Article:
Opus 13: Aphorisms (1927)

Aphorisms, op. 13 (1927)
CD:  Shostakovich: Piano Sonata No. 1, etc., Konstantin Scherbakov, piano (Naxos 8.555781)

Following on the heels of the first piano sonata, here is another quarter hour of piano music.  Although Shostakovich speaks the same harmonic language and concocts the same sort of spiny melodies, however, Opus 13 has a very different personality from Opus 12.  Aphorisms is a set of ten miniatures, spare and frequently written with dessicated wit.  But rather than a grab bag of odd musical jokes, its ten segments form a coherent little suite, to my ear more obviously structured than the constantly forward-rushing sonata.  I was surprised, too, by the amount of pathos mixed in with the parody.

Some of the work’s dry humor comes from the inappropriateness of its titles, those of individual pieces as well as that of the whole set:  As “aphorism” implies, each is a pithy musical statement, but rather than imparting wisdom (how could it?) it is cryptic and abstract.  The opening, clipped Recitative leads into a not particularly songful Serenade, full of syncopation and staccato pinpricks.  Next comes a punchier Nocturne, which only resembles night music in the gentle chiming of its final bars.

The ten pieces fit into a fast-slow-fast-slow scheme; following the Nocturne’s lowering of the lights is an affecting, minute-long Elegy.  Perhaps the aptness of the piece’s title is a kind of meta-joke but it’s a moment of earnest contemplation, with a surprising step here and there in the bass line creating a slightly detached mood:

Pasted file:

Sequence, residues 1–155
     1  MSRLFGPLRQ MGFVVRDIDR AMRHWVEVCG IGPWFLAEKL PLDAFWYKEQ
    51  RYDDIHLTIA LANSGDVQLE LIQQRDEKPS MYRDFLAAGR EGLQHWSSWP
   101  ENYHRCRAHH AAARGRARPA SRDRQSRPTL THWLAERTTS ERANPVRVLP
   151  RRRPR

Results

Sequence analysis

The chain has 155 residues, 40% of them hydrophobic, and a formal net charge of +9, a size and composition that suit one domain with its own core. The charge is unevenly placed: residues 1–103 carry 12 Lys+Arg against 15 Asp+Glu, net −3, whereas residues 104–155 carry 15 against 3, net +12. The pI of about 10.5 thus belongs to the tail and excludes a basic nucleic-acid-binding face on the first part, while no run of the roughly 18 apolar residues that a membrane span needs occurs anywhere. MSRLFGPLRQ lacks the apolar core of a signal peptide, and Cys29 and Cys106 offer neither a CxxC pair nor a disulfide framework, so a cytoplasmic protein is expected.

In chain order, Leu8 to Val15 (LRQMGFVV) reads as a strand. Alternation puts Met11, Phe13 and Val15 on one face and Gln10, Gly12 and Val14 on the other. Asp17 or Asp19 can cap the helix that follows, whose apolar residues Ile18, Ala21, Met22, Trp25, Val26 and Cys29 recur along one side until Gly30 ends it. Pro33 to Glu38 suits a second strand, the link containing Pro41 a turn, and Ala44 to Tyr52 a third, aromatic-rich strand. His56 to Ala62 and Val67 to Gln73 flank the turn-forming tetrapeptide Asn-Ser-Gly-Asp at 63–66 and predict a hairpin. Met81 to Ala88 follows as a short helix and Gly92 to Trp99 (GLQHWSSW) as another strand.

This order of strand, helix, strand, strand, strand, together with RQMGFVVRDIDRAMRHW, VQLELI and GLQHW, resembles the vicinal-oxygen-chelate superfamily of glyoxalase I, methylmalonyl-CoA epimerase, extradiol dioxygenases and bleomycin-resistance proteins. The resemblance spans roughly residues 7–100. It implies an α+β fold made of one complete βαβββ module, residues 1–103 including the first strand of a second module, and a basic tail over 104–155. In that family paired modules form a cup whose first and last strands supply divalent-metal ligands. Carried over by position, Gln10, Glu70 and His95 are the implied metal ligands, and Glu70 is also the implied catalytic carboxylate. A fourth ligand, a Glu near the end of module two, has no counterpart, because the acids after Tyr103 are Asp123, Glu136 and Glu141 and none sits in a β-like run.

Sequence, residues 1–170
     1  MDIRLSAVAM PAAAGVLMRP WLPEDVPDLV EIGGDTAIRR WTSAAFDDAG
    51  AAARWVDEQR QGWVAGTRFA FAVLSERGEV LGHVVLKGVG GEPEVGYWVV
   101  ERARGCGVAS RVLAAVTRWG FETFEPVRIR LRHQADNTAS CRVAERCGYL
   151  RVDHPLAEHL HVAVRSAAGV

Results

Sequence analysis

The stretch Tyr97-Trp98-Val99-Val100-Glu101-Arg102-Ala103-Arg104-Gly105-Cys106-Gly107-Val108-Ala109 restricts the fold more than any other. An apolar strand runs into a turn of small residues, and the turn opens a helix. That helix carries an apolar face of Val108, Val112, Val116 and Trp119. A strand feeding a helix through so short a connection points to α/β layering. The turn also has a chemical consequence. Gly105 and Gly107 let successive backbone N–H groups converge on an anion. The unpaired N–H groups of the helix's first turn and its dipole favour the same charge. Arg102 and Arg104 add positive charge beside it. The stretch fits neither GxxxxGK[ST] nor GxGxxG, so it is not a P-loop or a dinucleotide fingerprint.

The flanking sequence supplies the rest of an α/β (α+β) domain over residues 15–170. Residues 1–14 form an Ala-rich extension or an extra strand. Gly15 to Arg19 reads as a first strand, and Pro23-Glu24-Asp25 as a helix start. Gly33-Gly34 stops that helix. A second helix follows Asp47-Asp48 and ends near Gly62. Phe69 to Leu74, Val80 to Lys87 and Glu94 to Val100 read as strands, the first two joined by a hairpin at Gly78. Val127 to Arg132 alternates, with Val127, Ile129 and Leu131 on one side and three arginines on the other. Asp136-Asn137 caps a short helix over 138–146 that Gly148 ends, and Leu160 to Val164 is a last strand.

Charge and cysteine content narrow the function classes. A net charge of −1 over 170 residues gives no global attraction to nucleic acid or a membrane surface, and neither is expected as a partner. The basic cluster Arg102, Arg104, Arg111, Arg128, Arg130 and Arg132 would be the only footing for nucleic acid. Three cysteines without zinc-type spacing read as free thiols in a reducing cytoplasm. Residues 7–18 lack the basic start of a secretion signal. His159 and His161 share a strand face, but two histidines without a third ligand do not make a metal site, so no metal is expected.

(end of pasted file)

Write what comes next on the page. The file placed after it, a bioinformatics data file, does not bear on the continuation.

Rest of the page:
The following Funeral March isn’t a march but something like an illustration of a procession passing by, with a trumpet fanfare figure becoming more insistent and then fading over the course of a minute and a half; the tone is ironic again but the color still dark.

A thirty-second-long, rather tightly wound Etude speeds the set back up, and the Danse Macabre laces the famous, ominous Dies Irae tune into a scurrying, theatrical episode:

The Canon is a jumpy clockwork of angular, staccato gestures; the ninth piece, “Legend”, dials the set back down to a more pensive mood.

In its last and longest segment, the Cradle Song, the irony of Aphorisms‘ misnamed titles becomes darker:  The song, despite its ornamental turns, lacks the reassuring tone of a lullaby, instead building a worried and searching mood over the persistent, restless, two-note rocking of the bass line, until a final soft chord like a clock chime brings the work to an unsettled end.  The music never becomes too outwardly emotive but I’m still surprised at the depth reached here, not least because (despite the Elegy and Funeral March) the music that comes before it would seem to set up a brighter punchline.  It says something about Shostakovich’s worldview, as it comes through in his music — there is humor, there is youthful exuberance (the composer in 1927 was still just 21 years old), but underlying it there is darkness and uncertainty.  It’s tempting to pin this on the historical context of the young USSR in the late twenties, which was in the process of tipping over into outright tragedy, but it’s the universality of that uncertainty that makes the music resonate.


The ten pieces here are built to the same scale as the Three Fantastic Dances and Scherbakov renders the two works similarly, with a Gallic, Satie-appropriate clarity and reserve that contrasts with the excesses he brings to the opus 12 sonata.  There’s no need to pursue the disc as a whole, rather than picking up individual selections as single downloads or via Naxos’ online library, but it’s still adding up to a solid album.

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